OR WAIT null SECS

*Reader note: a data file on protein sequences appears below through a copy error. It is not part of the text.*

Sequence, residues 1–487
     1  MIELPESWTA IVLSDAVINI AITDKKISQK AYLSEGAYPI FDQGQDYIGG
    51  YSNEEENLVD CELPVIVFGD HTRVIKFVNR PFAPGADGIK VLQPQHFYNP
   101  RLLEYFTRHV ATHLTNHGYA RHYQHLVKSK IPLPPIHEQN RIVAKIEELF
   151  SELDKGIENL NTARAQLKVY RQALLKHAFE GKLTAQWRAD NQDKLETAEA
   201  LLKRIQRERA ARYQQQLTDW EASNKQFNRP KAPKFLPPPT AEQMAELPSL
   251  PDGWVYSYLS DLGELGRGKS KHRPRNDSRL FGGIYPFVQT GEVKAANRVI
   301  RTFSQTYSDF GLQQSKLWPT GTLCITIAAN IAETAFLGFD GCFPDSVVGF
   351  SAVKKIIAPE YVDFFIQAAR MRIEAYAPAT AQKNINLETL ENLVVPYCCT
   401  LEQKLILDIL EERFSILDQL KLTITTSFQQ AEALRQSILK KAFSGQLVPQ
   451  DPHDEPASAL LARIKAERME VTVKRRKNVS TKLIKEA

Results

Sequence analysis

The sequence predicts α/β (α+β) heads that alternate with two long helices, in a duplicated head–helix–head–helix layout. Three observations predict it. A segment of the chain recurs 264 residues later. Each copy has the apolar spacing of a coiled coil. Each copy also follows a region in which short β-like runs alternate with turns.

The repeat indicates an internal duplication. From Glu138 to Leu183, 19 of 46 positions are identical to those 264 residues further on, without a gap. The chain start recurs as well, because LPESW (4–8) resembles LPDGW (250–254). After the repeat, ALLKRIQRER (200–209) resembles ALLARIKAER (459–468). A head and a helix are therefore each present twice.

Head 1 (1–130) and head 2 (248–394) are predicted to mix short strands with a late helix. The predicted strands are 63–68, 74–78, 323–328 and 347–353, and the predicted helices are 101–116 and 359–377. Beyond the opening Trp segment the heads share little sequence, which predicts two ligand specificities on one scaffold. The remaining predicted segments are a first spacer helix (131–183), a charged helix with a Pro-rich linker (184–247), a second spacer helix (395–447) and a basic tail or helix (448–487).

Terahertz (THz) resonance absorption originates from intermolecular interactions, which are suitable for identifying amino acids with multiple isomers. L-threonine and L-allo-threonine are diastereomers with two characteristic peaks in the effective spectrum range of 1.0–2.3 THz, which are located at 1.42 and 2.14 THz for L-threonine (L-thr) and 1.63 and 2.16 THz for L-allo-threonine (L-allo-thr). Based on the density functional theory (DFT) of the crystal structures of L-thr and L-allo-thr, the vibration frequencies of 1.56, 1.87, 2.16 THz, and 2.22 THz were obtained, corresponding to the THz characteristic peaks. Through vibration model analysis, it was found that lattice and skeleton vibrations mediated by intermolecular hydrogen bonds play a crucial role in the THz response. Studying the experimental absorption spectra of different proportions co-crystallized mixtures and 1:1 physical mixture of L-thr and L-allo-thr, it was found that the characteristic peaks of the physical mixture include the characteristic peaks of the two diastereomers in the THz band, while amino-acid co-crystallized mixtures formed their own characteristic peaks depending on the proportion. The results show that the co-crystallized mixture composition of diastereomers can be quantitatively analyzed by THz time-domain spectroscopy (THz-TDS).